Herb: Coastal Wattle

Latin name: Acacia sophorae

Family: Leguminosae

Edible parts of Coastal Wattle:

Seed - cooked. The taste is rather like green peas. Used when green and roasted in the pods, though the pods should not be eaten as these are irritating. Acacia seeds are highly nutritious and contain approx 26% protein, 26% available carbohydrate, 32% fibre and 9% fat. The fat content is higher than most legumes with the aril providing the bulk of fatty acids present. These fatty acids are largely unsaturated which is a distinct health advantage although it presents storage problems as such fats readily oxidise. The mean total carbohydrate content of 55.8 + 13.7% is lower than that of lentils, but higher than that of soybeans while the mean fibre content of 32.3 + 14.3% is higher than that of other legumes such as lentils with a level of 11.7%. The energy content is high in all species tested, averaging 1480+270 kJ per 100g. Wattle seeds are low glycaemic index foods. The starch is digested and absorbed very slowly, producing a small, but sustained rise in blood glucose and so delaying the onset of exhaustion in prolonged exercise. Flowers - cooked. Rich in pollen, they are often used in fritters.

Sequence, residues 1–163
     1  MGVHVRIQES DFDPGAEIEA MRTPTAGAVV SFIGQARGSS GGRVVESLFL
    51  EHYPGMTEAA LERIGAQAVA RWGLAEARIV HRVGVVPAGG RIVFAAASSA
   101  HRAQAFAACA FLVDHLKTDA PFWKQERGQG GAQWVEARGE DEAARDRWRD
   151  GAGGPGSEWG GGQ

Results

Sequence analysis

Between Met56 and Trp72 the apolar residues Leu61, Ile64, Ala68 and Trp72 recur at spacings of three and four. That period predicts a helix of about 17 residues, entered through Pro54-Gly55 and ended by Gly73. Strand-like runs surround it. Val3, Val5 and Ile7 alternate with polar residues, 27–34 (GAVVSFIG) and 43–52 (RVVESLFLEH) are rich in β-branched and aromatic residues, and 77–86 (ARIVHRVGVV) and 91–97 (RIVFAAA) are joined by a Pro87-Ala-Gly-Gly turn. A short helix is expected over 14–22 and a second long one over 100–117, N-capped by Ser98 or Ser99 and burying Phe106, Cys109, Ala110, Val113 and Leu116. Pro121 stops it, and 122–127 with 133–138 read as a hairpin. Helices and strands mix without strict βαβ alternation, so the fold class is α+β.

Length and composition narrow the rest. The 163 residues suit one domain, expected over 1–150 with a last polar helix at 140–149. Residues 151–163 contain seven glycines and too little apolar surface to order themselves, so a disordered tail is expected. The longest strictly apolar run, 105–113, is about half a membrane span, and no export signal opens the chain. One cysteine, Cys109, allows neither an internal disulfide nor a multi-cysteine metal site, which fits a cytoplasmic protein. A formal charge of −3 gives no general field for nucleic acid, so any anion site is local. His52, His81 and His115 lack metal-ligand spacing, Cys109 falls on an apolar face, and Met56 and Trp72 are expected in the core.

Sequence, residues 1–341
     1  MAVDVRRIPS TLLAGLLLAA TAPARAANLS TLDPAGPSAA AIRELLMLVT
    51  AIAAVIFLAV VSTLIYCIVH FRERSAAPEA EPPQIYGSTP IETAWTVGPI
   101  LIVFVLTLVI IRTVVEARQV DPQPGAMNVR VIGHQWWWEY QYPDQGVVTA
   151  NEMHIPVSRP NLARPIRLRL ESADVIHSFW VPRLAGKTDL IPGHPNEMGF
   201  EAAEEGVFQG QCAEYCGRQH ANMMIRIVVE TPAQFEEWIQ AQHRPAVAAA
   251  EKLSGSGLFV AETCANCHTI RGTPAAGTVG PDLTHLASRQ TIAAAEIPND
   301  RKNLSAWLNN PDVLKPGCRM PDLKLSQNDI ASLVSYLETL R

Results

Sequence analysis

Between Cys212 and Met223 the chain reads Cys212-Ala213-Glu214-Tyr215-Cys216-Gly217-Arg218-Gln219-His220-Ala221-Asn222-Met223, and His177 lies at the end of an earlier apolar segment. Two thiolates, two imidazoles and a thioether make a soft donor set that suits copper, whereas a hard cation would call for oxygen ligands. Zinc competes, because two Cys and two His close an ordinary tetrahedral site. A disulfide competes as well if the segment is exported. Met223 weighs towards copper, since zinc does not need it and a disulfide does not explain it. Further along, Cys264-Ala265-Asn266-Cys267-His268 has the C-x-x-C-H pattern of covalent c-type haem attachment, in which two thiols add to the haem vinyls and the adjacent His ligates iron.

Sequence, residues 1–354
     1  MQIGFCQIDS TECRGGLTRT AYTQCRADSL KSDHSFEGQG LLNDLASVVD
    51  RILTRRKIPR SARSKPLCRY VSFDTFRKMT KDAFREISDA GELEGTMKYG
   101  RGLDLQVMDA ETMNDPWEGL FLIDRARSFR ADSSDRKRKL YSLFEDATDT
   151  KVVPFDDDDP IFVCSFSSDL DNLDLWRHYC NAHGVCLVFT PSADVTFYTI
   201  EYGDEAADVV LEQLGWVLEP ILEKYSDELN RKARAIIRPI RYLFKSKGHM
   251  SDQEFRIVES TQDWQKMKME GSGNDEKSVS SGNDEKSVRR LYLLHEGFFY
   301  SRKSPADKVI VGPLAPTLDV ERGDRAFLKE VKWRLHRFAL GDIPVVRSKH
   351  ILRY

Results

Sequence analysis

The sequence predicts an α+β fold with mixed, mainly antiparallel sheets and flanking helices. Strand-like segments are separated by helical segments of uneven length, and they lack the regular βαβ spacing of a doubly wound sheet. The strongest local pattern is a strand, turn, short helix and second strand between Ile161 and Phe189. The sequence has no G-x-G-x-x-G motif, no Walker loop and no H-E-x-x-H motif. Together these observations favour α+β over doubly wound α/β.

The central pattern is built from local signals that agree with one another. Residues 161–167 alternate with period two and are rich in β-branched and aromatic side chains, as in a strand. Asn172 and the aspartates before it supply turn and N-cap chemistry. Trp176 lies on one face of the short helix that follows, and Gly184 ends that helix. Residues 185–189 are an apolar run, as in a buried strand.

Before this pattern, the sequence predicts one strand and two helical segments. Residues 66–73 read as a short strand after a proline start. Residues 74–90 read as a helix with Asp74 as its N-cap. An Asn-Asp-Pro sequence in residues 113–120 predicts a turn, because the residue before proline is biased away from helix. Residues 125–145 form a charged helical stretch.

Description of the plant:


to May

Habitat of the herb:

Coastal dunes.

Other uses of Coastal Wattle:

A yellow dye is obtained from the flowers. A green dye is obtained from the seed pods. The extensive root system of this plant helps to prevent soil erosion.

Propagation of the herb:

Seed - best sown as soon as it is ripe in a sunny position in a warm greenhouse. Stored seed should be scarified, pre-soaked for 12 hours in warm water and then sown in a warm greenhouse in March. The seed germinates in 3 - 4 weeks at 25C. As soon as the seedlings are large enough to handle, prick them out into individual pots and grow them on in a sunny position in the greenhouse for their first winter. Plant them out in late spring or early summer, after the last expected frosts, and consider giving them some protection from the cold for their first winter outdoors. Cuttings of half-ripe wood with a heel, July/August in individual pots in a frame. Overwinter in a greenhouse for the first winter and plant out in their permanent positions in late spring or early summer. Fair percentage.

Cultivation of Coastal Wattle:

Coastal dunes.

Medicinal use of the herb:

None known

Known hazards of Acacia sophorae:

None known

Plant information taken from the Plants For A Future.